An Empire Wilderness
AN EMPIRE WILDERNESS: TRAVELS INTO AMERICA’S FUTURE is a book in the spirit of Alexis de Tocqueville’s DEMOCRACY IN AMERICA (1835): Part travelogue and part social commentary, it concerns itself with what American culture is and what it is likely to become.
A contributing editor for ATLANTIC MONTHLY, Robert D. Kaplan takes a intimate, fresh look at the American West. During two trips in the mid-1990’s, he talked to people in thirteen states, Mexico, and British Columbia who represent major ethnic groups and a wide variety of backgrounds. The mosaic of interviews, often complemented by historical and sociological studies, reveals trends that Kaplan thinks will transform twenty-first century America as a whole.
First, a growing disparity between the haves and the have-nots encourages the former to move out of cities into “posturban pods” segregated by class, economics, or race, leaving behind the poor in a dysfunctional hub. Second, people, feeling a growing sense of “placelessness,” spend less time in community involvement than in the global culture fed to them via telecommunications and computer networks.
Most important, this technological connectedness encourages the wealthy and well educated to look beyond borders. The Southwest, for example, is growing closer to northern Mexico and Washington-Oregon to British Columbia. Global culture favors those who possess class or educational qualifications to own and use its technology. The unqualified are doomed to poverty, as well-educated immigrants are hired to fill the best jobs.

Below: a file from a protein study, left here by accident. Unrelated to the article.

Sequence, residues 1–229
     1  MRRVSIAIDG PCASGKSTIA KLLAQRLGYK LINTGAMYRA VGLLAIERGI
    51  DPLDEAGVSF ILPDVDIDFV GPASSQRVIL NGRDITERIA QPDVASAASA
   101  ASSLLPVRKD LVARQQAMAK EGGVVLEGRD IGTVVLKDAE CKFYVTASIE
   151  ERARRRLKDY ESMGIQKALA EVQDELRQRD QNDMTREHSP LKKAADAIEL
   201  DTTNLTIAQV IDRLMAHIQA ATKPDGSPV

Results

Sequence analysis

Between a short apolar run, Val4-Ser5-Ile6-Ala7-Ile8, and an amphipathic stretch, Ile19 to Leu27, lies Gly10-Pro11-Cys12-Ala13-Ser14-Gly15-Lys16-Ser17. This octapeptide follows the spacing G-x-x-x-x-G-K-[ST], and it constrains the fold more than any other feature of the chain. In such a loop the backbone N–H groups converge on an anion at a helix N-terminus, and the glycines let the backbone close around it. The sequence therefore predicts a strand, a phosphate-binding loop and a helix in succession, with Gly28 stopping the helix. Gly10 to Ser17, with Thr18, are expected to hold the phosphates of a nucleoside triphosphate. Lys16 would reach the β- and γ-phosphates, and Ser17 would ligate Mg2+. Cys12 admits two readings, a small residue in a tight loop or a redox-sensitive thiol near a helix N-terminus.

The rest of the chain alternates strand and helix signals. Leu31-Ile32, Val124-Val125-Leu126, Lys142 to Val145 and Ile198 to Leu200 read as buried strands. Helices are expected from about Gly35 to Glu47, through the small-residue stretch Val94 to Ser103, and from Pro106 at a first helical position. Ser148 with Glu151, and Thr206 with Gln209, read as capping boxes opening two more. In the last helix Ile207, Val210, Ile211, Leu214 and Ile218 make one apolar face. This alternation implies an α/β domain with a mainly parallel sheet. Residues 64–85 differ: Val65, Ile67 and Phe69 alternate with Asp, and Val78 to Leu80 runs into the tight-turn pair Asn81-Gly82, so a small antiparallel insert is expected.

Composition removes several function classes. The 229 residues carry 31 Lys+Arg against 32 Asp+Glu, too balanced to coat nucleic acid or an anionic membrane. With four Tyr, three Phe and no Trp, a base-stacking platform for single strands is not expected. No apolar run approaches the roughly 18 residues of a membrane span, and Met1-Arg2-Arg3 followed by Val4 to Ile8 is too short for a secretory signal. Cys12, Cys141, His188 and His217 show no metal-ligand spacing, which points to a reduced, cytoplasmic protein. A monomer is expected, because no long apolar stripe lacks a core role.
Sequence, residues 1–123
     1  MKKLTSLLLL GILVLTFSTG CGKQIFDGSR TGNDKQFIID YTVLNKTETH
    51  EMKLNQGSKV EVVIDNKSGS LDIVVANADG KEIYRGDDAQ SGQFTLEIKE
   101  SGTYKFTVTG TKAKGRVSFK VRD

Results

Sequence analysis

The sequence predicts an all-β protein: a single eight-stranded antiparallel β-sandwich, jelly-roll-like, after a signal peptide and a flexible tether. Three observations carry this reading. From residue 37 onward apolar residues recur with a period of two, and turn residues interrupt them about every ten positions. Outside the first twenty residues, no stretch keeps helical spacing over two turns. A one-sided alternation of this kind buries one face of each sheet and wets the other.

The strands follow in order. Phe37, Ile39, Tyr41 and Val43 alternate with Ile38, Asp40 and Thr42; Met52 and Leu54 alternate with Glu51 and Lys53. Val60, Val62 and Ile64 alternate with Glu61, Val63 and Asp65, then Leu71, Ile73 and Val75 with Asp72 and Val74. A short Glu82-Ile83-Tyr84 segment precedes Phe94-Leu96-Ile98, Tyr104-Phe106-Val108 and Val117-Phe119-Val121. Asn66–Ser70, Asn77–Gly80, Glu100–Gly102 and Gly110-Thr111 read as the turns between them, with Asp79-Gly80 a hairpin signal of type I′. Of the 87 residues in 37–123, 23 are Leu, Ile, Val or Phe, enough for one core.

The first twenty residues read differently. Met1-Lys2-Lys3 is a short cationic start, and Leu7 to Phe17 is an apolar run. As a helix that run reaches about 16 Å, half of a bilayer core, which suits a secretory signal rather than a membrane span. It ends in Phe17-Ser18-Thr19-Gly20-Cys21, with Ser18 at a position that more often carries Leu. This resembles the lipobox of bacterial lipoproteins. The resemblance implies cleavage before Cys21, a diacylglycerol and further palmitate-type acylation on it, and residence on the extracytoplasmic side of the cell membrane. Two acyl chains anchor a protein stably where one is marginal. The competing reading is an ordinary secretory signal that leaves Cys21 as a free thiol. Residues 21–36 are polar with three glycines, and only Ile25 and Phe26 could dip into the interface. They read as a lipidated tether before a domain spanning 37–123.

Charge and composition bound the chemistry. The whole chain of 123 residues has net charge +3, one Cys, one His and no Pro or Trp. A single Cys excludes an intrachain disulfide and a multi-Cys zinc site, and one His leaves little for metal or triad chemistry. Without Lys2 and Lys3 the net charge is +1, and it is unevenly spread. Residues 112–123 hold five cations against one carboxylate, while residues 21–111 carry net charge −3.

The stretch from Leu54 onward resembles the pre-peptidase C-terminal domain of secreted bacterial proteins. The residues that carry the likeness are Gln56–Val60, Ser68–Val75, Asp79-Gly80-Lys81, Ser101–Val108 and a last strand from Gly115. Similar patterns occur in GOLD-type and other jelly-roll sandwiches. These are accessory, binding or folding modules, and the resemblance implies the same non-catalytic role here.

With regions looking outward rather than inward to Washington, D.C., the federal government may become little more than a defense contractor and disaster relief agency. The arrangement, Kaplan intimates somewhat gloomily, would not be the United States as late-twentieth century citizens know it.
Sources for Further Study
Booklist. XCIV, August, 1998, p. 1956.
Commentary. CVI, November, 1998, p. 65.
Insight on the News. XIV, October 19, 1998, p. 36.
Los Angeles Times Book Review. October 4, 1998, p. 3.
The Nation. CCLXVI, November 16, 1998, p. 42.
National Review. L, December 7, 1998, p. 63.
The New York Times Book Review. CIII, September 6, 1998, p. 4.
Publishers Weekly. CCXLV, August 24, 1998, p. 39.
The Wall Street Journal. August 27, 1998, p. A12.
The Washington Post Book World. XXVIII, October 18, 1998, p. 4.